What Businesses Can Learn From Qantas' Spectacular Turnaround

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Australian airline Qantas has just released its results for the last financial year. Its profits hit $1.53 billion, up 57 per cent. That's the best result the company has had in nearly a century. (Yes, Qantas is that old.) It's a monumental turnaround for an airline that was in dire straits just two years ago. We take a look at Qantas' impressive comeback and what businesses can learn from it.

In 2013, Qantas reported a $235 million loss; and that was just in the last six months of the year. Unlike its rivals, the Qantas Sale Act limited the airline's ability to receive foreign investments although those restrictions have since been eased to allow a maximum of 49 per cent foreign ownership in Qantas.

But a year later, things were still looking grim for our national airline which has existed for nearly 95 years. It was in 2014 that the company announced the Qantas Transformation Program, another name for plans to restructure the business, cut 5000 jobs, sell more than 50 airplanes and reduce overall spending.

It was a desperate move for Qantas and there was a lot of attention focused on the cost cutting (it had a goal to hit $2 billion in cost savings by 2017) and job culling. There was a lot of negative press coverage thanks to criticism from worker unions and speculation that staff cuts would result in flight delays and a dip in the quality of service.

People were angry that Qantas, a brand that is such a core part of Australia, was tanking. A lot of the resentment was targeted at Qantas CEO Alan Joyce, who recalled a time when most of the nation wanted him to resign and somebody even set their dogs on him (yes, really.)

Qantas' reputation had taken quite a beating but the company persevered with its transformation program, unfazed by the negativity and naysayers that predicted the company's demise.

But Qantas defied expectations. Not only is it on-track to deliver a cost saving of over $2 billion by 2017, it also reported record-breaking profits in the last financial year. $1.53 billion, to be exact. Up by 57 per cent compared to the previous financial year. It's doing so well, staff and shareholders are getting generous bonuses.

So how did it happen? There are many factors that affected how the business performed. Besides streamlining its operations and improving on efficiencies, Qantas invested in technology, airplanes and elevating the customer experience through the transformation program.

On the technology front, it has enhanced Qantas.com and Jetstar.com (belonging to its budget airline subsidiary) to personalise the websites based on customer preferences as well as improved booking flow to make it easier to use. The company has also made improvements to its mobile app.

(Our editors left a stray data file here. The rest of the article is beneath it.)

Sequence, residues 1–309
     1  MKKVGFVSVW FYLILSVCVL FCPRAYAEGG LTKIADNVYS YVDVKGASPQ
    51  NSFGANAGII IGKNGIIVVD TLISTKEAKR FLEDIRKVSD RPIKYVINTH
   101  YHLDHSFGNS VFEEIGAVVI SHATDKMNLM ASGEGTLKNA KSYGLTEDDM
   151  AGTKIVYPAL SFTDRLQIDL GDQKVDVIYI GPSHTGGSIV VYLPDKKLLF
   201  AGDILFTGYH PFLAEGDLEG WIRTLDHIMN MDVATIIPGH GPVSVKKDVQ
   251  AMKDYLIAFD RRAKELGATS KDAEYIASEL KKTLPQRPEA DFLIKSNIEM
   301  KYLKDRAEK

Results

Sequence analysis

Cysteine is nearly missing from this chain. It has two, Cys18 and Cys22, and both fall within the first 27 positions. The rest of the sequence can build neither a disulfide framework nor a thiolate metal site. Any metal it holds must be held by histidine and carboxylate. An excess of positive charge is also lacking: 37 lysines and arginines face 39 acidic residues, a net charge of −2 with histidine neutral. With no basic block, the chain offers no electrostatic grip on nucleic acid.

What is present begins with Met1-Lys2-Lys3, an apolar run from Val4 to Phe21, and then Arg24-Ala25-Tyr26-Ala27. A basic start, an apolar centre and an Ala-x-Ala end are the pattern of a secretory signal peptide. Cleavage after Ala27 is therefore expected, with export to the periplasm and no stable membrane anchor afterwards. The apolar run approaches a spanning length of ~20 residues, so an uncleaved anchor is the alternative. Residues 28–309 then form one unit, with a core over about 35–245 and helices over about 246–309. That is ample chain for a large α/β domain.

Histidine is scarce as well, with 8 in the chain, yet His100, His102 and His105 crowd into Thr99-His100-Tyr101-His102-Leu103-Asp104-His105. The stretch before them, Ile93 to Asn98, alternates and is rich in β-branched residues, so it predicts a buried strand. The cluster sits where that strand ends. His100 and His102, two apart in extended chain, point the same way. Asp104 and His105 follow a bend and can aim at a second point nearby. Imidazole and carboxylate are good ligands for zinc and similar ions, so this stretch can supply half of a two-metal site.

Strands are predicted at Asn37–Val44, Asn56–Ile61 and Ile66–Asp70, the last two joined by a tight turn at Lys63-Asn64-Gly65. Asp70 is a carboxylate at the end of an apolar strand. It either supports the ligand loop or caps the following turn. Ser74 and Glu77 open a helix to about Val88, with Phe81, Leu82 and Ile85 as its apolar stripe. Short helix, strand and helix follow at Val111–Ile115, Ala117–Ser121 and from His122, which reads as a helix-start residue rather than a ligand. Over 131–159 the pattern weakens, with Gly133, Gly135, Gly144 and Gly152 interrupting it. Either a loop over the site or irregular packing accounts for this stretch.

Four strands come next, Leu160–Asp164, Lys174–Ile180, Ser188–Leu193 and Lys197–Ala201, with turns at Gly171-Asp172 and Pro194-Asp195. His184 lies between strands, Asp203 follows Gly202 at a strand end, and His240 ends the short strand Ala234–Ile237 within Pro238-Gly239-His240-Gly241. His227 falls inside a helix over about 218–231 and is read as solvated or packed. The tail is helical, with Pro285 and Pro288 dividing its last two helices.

In the back-end, Qantas has leveraged the data from its Qantas Frequent Flyer loyalty customers to shape its offerings to suit consumers. It does share customer data with organisations through its Data Republic platform, but at least the company is taking data security seriously by investing in cybersecurity solutions. It has also made investments in IT to reduce the likelihood of online service outages.

This focus on customers has been reflected in a jump in its net promoter score (NPS) across its domestic and international operations.

Another element that has contributed to Qantas' success is its Frequent Flyers loyalty program. Qantas added 580,000 members to the program. There is now a total of 11.4 million members. Acquiring a large pool of loyalty program members isn't particularly impressive. But Qantas has managed to raise the level of engagement with members, recording high levels of customer advocacy after it made enhancements to the program, the most recent one coming from its partnership with Woolworths so that shoppers at the supermarket giant can earn Frequent Flyer points.

The outlook for Qantas remains positive as it forges on with its business transformation program while remaining agile to meet the changing needs of global markets and its customers. Strategic cuts and investments has worked well for Qantas and a renewed focus on improving its brand image with customers is also a noteworthy achievement for the airline. If this Qantas turnaround story has taught us anything, it's that there's still hope for large established companies that are struggling with plunging profits, staff cuts and grim prospects in their respective industries; that is, if they're willing to rapidly change the way they do business.


Comments

    I wonder what the reduction in the price of jet fuel has been worth to their bottom line?

      Or the removal of the excess credit card charges.

    Erm ... QANTAS FF isn't free. It costs $90 to join.

      Hi rickinoz,

      Thanks for flagging that. Sorry about the mistake - I joined for free so that's why there was some confusion. I've fixed it in the article.

      Cheers,

      Spandas

    Most of the benefit is from a massive reduction in the cost of fuel. Had fuel been holding at 2013/14 levels, the airline would still be struggling to turn a profit.

    I am sort of surprised that you didn't mention the savings in fuel as the major part of the turn around. Luck turned a profit.

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